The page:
Wisconsin Legislature v. Wisconsin Election Commission – Redistricting (WI)

U.S. Supreme Court, Wisconsin State Supreme Court

After the Wisconsin Supreme Court selected Governor Tony Evers’ proposed state legislative district map over maps offered by the Wisconsin state legislature, the legislature sought emergency relief from the U.S. Supreme Court. Specifically, it filed an emergency application for a stay and injunctive relief and alternative petition for writ of certiorari and summary reversal. The legislature argued that the governor violated the Equal Protection Clause by drawing the map based on racial targets without sufficient justification under Section 2 of the Voting Rights Act. The legislature objected to the fact that Governor Evers’ map includes a seventh majority-minority state assembly district in the Milwaukee area. 

The States United Democracy Center and Kaplan Hecker & Fink LLP served as co-counsel to Governor Evers. In defending his state legislative map, Governor Evers argued that: 

  • The legislature lacks standing to bring a challenge under the Equal Protection Clause;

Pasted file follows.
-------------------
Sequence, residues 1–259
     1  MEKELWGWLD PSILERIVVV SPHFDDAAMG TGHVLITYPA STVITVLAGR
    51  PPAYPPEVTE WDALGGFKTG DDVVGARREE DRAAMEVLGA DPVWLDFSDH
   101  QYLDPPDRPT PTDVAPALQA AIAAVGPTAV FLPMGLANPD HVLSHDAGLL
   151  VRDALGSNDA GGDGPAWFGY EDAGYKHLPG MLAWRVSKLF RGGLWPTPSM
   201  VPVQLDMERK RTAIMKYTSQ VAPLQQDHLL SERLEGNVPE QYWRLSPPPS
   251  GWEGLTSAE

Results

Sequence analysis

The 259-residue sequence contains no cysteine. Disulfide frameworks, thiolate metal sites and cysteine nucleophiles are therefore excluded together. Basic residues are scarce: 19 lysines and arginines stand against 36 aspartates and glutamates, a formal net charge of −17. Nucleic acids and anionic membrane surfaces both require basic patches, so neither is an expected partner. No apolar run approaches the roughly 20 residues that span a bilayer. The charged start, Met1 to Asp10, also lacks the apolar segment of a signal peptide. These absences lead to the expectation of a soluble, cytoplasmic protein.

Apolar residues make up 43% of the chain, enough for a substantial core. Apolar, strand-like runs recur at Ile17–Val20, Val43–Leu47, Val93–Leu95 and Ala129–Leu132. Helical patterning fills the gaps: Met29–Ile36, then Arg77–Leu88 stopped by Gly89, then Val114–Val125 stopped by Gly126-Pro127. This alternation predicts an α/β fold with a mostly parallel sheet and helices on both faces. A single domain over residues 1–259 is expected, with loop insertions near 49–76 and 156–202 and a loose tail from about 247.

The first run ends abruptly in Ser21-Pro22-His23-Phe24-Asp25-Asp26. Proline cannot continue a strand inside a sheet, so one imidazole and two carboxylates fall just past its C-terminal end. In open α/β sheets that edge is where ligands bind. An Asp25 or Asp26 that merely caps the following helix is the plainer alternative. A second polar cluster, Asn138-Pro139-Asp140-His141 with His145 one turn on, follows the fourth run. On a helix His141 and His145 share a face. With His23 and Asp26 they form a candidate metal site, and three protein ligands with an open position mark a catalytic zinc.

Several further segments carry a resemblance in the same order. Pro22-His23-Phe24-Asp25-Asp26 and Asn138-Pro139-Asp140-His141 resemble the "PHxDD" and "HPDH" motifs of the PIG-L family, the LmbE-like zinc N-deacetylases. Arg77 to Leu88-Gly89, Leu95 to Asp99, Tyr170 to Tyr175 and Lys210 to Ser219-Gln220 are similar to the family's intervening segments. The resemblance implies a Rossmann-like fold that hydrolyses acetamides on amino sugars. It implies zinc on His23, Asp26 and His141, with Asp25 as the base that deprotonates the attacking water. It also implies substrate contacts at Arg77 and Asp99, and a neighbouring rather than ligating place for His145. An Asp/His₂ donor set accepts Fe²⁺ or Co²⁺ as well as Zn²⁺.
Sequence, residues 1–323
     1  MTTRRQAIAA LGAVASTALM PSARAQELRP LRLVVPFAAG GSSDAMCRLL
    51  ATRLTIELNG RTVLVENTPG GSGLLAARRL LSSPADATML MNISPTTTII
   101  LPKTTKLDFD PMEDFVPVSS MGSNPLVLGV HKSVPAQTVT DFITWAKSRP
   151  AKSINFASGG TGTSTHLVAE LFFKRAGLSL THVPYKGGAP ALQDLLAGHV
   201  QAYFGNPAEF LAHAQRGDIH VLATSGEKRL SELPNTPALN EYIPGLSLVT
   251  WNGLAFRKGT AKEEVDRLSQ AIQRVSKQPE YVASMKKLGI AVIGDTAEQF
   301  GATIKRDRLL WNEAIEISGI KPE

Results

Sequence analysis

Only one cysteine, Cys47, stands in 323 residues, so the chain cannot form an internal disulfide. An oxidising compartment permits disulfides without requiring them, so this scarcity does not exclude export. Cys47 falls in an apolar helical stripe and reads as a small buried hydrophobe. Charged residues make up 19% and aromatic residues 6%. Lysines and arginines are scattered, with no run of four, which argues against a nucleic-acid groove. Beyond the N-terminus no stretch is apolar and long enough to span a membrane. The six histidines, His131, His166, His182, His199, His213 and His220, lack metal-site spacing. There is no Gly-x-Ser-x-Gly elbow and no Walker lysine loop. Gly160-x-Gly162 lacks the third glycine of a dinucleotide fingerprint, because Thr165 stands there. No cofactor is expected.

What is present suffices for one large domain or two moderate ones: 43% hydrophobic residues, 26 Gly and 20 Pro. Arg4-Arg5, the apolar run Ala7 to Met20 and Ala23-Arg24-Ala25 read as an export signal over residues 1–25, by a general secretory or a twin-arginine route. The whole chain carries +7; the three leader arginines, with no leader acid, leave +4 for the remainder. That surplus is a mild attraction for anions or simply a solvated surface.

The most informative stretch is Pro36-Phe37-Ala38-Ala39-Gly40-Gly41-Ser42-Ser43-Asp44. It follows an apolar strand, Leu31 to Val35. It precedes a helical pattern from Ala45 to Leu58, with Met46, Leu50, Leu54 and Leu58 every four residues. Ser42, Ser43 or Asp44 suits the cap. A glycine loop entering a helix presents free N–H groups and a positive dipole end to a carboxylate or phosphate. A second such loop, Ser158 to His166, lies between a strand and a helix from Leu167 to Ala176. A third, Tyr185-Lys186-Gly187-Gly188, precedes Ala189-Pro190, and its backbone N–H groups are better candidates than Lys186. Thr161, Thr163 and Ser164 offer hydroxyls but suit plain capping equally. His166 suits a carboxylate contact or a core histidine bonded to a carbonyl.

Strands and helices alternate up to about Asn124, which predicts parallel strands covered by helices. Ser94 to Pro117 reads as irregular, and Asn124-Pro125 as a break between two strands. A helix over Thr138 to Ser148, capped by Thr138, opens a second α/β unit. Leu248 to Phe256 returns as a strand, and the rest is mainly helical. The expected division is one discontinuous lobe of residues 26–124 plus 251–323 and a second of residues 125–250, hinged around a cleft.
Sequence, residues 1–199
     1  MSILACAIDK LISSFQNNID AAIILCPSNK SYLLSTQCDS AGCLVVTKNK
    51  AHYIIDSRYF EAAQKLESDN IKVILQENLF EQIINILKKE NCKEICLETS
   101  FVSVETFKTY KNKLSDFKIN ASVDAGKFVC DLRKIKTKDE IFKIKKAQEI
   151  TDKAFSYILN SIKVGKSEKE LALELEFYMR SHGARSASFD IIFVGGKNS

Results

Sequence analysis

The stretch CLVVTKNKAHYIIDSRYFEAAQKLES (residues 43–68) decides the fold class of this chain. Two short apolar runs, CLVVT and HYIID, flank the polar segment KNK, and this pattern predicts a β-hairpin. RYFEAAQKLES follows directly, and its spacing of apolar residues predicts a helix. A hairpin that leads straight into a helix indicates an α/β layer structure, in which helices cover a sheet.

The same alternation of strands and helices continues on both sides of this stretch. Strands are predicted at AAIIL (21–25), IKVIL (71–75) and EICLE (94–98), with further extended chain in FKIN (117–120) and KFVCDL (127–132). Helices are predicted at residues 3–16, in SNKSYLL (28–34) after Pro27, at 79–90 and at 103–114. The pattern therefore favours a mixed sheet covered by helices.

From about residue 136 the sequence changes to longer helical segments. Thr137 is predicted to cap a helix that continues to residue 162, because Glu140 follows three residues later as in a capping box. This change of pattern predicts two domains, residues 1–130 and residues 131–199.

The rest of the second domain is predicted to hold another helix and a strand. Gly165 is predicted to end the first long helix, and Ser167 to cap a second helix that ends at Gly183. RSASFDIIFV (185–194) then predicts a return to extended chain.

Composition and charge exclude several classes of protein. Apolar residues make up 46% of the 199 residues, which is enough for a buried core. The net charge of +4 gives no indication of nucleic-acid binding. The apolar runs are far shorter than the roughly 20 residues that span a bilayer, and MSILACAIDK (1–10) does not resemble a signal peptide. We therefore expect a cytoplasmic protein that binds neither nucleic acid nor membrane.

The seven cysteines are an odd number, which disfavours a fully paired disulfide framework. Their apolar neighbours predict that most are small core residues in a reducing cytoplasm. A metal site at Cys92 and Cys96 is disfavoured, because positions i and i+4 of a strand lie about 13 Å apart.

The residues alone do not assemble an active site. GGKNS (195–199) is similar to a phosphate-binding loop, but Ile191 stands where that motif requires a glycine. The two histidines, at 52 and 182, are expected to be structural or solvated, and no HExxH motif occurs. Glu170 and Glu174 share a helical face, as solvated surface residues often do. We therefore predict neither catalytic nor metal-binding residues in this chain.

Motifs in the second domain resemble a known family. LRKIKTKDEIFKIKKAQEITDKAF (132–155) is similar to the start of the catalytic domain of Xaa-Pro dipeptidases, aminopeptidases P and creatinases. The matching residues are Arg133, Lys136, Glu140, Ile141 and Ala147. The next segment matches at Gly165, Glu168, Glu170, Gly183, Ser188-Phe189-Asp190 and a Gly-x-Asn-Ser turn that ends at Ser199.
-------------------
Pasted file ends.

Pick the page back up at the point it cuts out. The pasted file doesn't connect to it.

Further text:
• Race was not the predominant factor in adoption of the map; 
  • The Wisconsin Supreme Court was correct in selecting Governor Evers’ map because the legislature’s maps raise serious concerns under the Voting Rights Act; and 
  • The U.S. Supreme Court should not intervene given Wisconsin’s pending candidate qualifying deadlines and the need for certainty in the maps for the upcoming elections. 

On March 12, the legislature filed its reply. Then, on March 23, the U.S. Supreme Court reversed the Wisconsin Supreme Court’s adoption of Governor Evers’ maps and remanded the matter to the Wisconsin Supreme Court for further review and analysis consistent with its opinion. 

On remand before the Wisconsin Supreme Court, Governor Evers requested the opportunity to submit additional evidence showing that his maps comply with the Equal Protection Clause and were necessary under Section 2 of the Voting Rights Act. On March 31, the Wisconsin Supreme Court denied the motion to consider this evidence. Then, on April 15—the day that candidates begin circulating petitions in their districts to be listed on the 2022 ballot—the court ordered adoption of the state legislative map drawn by the state legislature, reducing the number of majority-minority districts in the Milwaukee area to five. The governor’s map, originally adopted by the Wisconsin Supreme Court, had seven majority-minority districts.

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